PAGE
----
BlizzCon Interview with Patrick Benassi

During BlizzCon 2019, our own Bahamut was able to sit down with Patrick Benassi, Associate Esports Manager on the Tespa team for Blizzard. He helps run broadcasts, operate the tournaments, and works with the remote team.

How did you get started in collegiate esports?

I was playing in the 2015 Heroes of the Dorm tournament where my team made it to the Grand Finals. There, I witnessed first-hand what it was like to be a pro or be a semi-pro (somewhat pro) and having that experience – the entire time I was like, “Man, I want to put these tournaments or these experiences on for other people.” It was so great that I changed from going down a path towards dental school to more live event and tournament operations focused.

How long have you been a part of Tespa?

I’ve worked for Tespa now for three and a half years. I started as a remote admin and eventually became a head tournament admin and eventually an esports manager. In those three and a half years, I’ve worked on any tournament that we’ve had since 2016. For Dorm, I was more focused on production. For Overwatch Fiesta Bowl, I was more focused on stage management and live Finals support. My role has sort of changed depending on the program.

What has been your favorite event to work on?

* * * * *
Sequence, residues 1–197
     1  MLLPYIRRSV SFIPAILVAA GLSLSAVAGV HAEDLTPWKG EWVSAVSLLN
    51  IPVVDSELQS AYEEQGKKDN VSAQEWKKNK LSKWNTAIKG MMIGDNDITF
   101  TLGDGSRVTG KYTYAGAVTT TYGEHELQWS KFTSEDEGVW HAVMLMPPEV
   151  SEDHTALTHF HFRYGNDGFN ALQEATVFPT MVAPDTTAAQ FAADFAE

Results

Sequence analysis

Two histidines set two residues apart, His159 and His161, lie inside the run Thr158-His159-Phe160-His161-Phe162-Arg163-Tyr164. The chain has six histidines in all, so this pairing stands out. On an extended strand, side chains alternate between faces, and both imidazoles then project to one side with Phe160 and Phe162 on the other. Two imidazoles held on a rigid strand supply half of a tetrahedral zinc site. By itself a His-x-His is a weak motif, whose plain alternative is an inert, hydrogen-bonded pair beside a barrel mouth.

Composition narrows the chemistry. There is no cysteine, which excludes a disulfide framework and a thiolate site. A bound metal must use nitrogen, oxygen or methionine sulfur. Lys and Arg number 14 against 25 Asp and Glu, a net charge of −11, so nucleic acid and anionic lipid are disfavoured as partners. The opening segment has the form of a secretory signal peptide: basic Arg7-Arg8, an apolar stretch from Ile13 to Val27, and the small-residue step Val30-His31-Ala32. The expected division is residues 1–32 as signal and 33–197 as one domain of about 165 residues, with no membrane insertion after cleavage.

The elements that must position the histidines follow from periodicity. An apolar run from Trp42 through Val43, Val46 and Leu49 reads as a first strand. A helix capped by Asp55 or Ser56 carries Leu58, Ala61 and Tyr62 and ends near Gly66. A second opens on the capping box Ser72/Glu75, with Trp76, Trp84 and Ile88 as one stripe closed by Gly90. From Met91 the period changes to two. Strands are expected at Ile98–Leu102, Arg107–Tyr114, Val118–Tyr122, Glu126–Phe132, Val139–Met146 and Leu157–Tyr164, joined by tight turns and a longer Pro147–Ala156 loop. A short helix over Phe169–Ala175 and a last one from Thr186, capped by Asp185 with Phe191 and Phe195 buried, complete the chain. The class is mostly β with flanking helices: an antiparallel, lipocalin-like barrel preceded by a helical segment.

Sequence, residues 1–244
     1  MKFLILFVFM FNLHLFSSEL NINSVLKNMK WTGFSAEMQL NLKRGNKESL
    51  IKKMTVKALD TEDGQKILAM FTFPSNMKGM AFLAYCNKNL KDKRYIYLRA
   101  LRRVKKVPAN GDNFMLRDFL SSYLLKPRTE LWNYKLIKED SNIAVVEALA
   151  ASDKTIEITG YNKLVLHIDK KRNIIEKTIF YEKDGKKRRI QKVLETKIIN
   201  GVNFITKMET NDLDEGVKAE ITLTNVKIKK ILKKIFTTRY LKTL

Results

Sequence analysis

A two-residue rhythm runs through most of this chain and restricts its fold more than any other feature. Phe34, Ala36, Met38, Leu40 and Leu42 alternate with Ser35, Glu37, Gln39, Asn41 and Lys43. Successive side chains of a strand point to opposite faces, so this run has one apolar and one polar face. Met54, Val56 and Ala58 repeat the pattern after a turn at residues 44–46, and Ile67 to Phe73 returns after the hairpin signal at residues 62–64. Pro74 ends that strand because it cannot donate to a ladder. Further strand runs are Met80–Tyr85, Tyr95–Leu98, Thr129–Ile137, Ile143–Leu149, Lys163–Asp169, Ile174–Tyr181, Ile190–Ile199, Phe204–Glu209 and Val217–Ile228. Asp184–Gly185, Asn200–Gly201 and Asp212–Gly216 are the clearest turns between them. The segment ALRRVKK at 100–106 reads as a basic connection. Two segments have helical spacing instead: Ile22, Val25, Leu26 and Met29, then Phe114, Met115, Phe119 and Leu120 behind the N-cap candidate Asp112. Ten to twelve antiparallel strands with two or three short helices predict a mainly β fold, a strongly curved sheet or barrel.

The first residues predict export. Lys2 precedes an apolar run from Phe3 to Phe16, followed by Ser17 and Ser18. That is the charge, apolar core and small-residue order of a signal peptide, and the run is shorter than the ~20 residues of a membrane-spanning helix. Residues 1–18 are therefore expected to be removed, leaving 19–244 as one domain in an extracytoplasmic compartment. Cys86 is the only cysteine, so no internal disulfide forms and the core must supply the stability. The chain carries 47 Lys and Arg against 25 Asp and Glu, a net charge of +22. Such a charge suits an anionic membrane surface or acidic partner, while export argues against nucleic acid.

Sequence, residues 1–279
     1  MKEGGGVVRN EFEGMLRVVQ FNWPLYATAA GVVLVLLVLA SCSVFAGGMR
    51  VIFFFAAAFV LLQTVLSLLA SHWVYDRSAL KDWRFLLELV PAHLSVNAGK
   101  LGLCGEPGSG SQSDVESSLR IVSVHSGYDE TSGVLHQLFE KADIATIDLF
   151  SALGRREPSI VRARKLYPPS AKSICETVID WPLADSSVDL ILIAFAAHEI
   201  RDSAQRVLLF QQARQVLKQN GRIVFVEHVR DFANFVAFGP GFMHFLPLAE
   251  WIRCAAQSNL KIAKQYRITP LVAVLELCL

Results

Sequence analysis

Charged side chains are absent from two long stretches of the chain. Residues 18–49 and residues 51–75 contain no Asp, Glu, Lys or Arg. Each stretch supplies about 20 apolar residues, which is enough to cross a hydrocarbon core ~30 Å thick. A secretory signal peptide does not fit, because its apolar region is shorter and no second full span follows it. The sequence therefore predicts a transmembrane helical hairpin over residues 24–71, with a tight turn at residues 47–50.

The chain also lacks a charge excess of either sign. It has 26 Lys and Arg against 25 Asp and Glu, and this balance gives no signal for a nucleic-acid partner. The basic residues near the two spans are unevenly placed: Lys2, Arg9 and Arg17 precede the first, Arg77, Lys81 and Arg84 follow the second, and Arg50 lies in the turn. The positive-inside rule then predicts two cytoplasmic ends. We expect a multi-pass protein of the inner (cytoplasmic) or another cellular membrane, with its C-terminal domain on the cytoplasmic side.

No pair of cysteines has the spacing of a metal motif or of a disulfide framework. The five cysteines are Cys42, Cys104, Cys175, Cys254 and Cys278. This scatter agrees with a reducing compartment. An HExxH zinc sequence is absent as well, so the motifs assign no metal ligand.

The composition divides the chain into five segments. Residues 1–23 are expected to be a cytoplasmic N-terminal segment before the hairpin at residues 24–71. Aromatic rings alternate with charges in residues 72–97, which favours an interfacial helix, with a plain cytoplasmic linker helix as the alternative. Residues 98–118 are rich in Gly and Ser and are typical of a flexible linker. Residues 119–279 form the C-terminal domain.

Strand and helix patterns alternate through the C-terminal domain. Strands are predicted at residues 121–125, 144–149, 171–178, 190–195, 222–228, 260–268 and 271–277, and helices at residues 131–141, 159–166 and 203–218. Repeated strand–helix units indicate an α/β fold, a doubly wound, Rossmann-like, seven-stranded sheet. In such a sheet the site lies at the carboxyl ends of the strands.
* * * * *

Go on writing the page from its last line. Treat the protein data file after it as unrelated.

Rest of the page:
It was the Collegiate Esports Championship last year, because it was the first time that all of our different tournaments had a live Finals together. It was sort of like a pipe dream that Tespa had for a while, so it was really cool to have Hearthstone, Heroes, Starcraft, and Overwatch all under the same roof. Getting to interact with those collegiate players, and seeing how they interacted and how friendly they were with each other was awesome!

Do you have any advice to anyone who is interested in an esports career?

For me, it was that moment when I was like, “Hey, I want to do this for other people.” If you’re interested in getting started, I would say just do. Just create. Just find something you like and interact with the space in any way that makes sense with your skill set. For me, I had to learn completely new skills but it was really exciting for me. Not everyone is like that, and that’s okay! My recommendation would be to go out and create stuff, because that’s what people are interested in seeing – what you’ve done or what you’ve organized. 

What are you most excited about when it comes to collegiate esports?

I’m just really excited that collegiate esports is where it is today. When I was going to school, there wasn’t a ton of support yet. Institutions were just starting to, like maybe scholarship a player. That wasn’t really mainstream. Now we’re seeing it all over more and more. I’m just excited with how relevant it is and how many people are acting in the space in such a positive way. I think collegiate esports is incredible at connecting people, maybe giving someone who may not normally have that opportunity or chance a sort of path to try something out. So maybe it’s supporting them through undergrad, maybe it’s giving them a taste of being a pro, maybe it’s getting them started on a broadcast stream. I’m just excited about collegiate esports in general.